Nick Kroll on how a talk by Planned Parenthood led to Big Mouths boldest episode yet

Screenshot: Big Mouth (Netflix), Graphic: Allison Corr

Between seasons of Big Mouth, Netflix’s sweetly disgusting animated comedy about puberty, co-creators and executive producers Mark Levin and Jennifer Flackett attended a talk by Sue Dunlap, the president and CEO of Planned Parenthood Los Angeles. “She said to a room full of writers and producers, your donations are very helpful, but what would really help is stories that involve Planned Parenthood in your shows and movies,” Nick Kroll, the other half of the show’s creative team (along with Andrew Goldberg) told The A.V. Club. “That can really move the dial.”

Already in the business of tackling taboos and wringing laughs out of them, the Big Mouth writers took Dunlap’s challenge, touring one of the reproductive-health organization’s L.A. facilities and devoting an entire episode to telling—through a comedic lens—the truth about a widely misunderstood nonprofit. Written by Emily Altman, “The Planned Parenthood Show” breaks from the show’s usual format for five vignettes, each told in a different style: a cancer screening depicted as a Star Trek/Fantastic Voyage mashup, or contraceptive education played like a premiere episode of The Bachelorette. It’s loaded material that could potentially turn didactic, but Big Mouth treats it with the show’s signature blend of wit, grace, and good-natured vulgarity. Vagina-shaped spacecraft, a masturbating lobster, Nick’s dad being way too open about his vasectomy—you know, Big Mouth stuff. In a phone call with The A.V. Club, Kroll discussed the episode’s origins, Googling madeup STDs, and the writers’ insistence on keeping Deee-Lite’s “Groove Is In The Heart” in the episode.

The A.V. Club: Were there any genres or stories that were left on the cutting room floor?

Nick Kroll: I honestly don’t remember. We went through various versions of the show. We looked at one version that was like the movie Slacker, where you went room to room and it functioned that way. We realized that we wanted to tell these very distinct stories, and as we built them we realized, like, the STD story would be fun to see as a horror story. We actually got the idea of Blue Waffle from talking with Sue and reading Planned Parenthood’s materials. We didn’t make up Blue Waffle—that is an urban legend that a lot of kids believe is a real STD. For a kid like Andrew, that would be his worst nightmare, and so a black-and-white horror piece would be the way to do that.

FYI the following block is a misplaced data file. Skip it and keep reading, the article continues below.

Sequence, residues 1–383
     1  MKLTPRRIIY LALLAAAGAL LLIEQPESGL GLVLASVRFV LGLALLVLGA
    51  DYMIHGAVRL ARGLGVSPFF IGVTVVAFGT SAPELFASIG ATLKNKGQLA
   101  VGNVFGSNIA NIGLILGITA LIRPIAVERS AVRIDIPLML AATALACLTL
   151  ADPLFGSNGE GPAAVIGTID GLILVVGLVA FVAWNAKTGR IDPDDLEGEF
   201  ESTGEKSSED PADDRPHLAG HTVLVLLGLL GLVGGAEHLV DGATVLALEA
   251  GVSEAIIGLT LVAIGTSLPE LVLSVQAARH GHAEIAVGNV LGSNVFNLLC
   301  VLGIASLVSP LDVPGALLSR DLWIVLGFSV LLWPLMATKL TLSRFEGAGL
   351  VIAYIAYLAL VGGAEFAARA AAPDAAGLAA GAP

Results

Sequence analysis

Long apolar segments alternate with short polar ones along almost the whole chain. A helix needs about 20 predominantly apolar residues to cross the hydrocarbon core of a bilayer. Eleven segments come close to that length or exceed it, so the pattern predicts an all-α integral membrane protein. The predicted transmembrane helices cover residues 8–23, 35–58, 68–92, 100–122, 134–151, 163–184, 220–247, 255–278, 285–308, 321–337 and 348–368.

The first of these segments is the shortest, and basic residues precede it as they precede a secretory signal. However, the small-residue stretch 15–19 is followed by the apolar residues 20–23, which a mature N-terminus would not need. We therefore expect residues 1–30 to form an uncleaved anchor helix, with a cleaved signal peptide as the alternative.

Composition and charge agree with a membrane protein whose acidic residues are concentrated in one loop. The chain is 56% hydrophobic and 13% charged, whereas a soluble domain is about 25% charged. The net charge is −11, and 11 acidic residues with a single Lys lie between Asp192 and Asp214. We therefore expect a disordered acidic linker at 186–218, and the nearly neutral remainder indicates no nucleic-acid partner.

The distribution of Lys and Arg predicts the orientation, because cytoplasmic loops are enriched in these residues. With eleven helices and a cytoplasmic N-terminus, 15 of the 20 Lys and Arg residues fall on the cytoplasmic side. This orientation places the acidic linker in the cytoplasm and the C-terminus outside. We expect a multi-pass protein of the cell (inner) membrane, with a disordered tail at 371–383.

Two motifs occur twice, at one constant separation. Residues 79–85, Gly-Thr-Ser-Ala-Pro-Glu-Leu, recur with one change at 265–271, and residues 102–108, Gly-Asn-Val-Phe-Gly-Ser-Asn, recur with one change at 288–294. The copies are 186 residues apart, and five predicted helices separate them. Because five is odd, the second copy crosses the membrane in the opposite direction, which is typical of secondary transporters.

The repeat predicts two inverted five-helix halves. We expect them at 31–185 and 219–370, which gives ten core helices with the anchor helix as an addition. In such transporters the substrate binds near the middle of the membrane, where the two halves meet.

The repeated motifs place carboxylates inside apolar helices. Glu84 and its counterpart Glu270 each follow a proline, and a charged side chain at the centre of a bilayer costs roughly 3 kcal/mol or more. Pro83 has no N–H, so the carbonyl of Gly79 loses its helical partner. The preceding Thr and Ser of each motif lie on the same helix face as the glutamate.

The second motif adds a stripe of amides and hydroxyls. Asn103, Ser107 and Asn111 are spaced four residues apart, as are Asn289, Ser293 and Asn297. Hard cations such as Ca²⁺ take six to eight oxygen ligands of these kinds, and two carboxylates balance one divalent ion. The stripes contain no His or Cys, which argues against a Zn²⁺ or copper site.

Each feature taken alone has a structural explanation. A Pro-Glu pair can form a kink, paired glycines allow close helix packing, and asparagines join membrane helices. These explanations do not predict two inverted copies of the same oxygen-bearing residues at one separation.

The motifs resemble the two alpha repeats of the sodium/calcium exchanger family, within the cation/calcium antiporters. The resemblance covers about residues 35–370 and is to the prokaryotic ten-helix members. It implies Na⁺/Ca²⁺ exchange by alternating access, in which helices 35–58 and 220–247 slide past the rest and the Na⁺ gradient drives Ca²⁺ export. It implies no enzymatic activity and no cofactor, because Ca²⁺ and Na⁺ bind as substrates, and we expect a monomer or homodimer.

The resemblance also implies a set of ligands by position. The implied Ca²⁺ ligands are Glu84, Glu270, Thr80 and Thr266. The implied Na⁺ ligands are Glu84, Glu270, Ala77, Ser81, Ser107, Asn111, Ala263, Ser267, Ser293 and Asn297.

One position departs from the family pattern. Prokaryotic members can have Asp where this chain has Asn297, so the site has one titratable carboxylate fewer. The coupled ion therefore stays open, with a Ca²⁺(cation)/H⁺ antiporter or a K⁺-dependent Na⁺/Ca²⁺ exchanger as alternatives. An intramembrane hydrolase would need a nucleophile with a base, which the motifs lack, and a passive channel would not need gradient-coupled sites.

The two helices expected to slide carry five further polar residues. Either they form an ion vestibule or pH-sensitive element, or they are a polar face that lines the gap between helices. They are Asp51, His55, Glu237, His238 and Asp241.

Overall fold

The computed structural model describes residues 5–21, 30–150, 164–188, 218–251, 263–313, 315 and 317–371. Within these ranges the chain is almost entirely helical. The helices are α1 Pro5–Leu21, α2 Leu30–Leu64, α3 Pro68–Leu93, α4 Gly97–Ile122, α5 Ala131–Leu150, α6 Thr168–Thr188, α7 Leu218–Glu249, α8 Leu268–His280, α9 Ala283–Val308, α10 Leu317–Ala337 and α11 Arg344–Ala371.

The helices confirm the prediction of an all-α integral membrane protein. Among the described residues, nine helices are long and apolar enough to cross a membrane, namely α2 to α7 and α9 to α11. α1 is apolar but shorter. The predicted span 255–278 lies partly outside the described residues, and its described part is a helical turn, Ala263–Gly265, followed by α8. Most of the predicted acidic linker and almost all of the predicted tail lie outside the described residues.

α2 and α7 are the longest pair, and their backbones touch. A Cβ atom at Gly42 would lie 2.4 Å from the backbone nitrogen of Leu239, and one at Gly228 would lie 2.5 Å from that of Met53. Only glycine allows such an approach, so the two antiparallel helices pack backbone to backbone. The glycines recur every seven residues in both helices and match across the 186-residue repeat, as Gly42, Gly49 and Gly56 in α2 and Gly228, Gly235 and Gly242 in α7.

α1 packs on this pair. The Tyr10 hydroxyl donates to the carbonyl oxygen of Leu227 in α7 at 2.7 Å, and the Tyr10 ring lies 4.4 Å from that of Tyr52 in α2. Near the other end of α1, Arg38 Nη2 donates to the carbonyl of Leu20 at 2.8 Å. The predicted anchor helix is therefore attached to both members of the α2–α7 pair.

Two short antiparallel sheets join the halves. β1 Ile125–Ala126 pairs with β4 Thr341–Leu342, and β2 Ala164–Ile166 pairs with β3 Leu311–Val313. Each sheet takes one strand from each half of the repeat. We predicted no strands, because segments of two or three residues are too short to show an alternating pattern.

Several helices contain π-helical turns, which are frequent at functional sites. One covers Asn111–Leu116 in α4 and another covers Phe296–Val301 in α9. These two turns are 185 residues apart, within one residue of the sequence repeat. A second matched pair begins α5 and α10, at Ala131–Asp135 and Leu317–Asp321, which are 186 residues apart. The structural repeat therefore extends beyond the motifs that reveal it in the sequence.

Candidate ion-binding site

AVC: Blue Waffle is a very involved urban myth.

NK: It’s crazy how actively people believe it. To your readers, I would say, “Yes, go ahead and Google it.” But also be very careful when you Google it, because the images are so disturbing—but they are not real. But STDs are very real, and we tried to be aware of all these different things as we wrote the episode. Not surprisingly, the character of Nick is concerned about how this is going to be received and how we’re going to thread this needle. And the Twitter comments that are going to be threatening and specific are based on actual anxiety.

AVC: Those lines feel like the writers’ room speaking directly through their characters.

NK: The writers’ room, and specifically the writer Nick Kroll. Planned Parenthood is a real trigger for a lot of people, and that’s the reason we really wanted to talk about it. People think it’s only a place where you get abortions, and we firmly believe that it is about reproductive health across the board, with a number of different services. We felt like it was worth diving into those different services and the different conceptions about what it is.

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Image: Netflix

AVC: Nick says this early in the episode: “This is a fine line we’re trying to walk.” Do you feel like that speaks to Big Mouth in general?

NK: I would say so. We wrote the first season completely in a bubble, and by the time we had put it out, we had written and voiced much of season two already. We were like, “Boy, we hope this is received the way we want it to be, because we’ve already doubled down on it.” Fortunately it was received how we wanted. Someone wrote a quote that we really liked: “Big Mouth gives zero fucks.” As we’ve continued to work on the show, we have tried to keep that in mind: We don’t want to soften or dull the hard, big, crazy jokes. But I think we’re very aware that they’re kids watching the show. We’re not trying to teach any lessons, but we are aware of the messages we’re sending and I think we’re constantly trying to navigate how to be a show that gives zero fucks and also be responsible with what we’re saying on a broader scale.